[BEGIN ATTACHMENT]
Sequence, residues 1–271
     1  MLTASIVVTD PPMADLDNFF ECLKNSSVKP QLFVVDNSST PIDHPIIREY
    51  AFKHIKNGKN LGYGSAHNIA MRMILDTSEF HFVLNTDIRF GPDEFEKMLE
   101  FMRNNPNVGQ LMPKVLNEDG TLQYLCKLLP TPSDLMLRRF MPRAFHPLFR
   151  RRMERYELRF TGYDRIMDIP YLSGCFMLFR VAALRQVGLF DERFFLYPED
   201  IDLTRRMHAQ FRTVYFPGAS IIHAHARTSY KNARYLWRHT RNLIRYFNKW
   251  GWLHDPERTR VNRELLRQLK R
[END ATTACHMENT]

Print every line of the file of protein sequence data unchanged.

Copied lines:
Sequence, residues 1–271
     1  MLTASIVVTD PPMADLDNFF ECLKNSSVKP QLFVVDNSST PIDHPIIREY
    51  AFKHIKNGKN LGYGSAHNIA MRMILDTSEF HFVLNTDIRF GPDEFEKMLE
   101  FMRNNPNVGQ LMPKVLNEDG TLQYLCKLLP TPSDLMLRRF MPRAFHPLFR
   151  RRMERYELRF TGYDRIMDIP YLSGCFMLFR VAALRQVGLF DERFFLYPED
   201  IDLTRRMHAQ FRTVYFPGAS IIHAHARTSY KNARYLWRHT RNLIRYFNKW
   251  GWLHDPERTR VNRELLRQLK R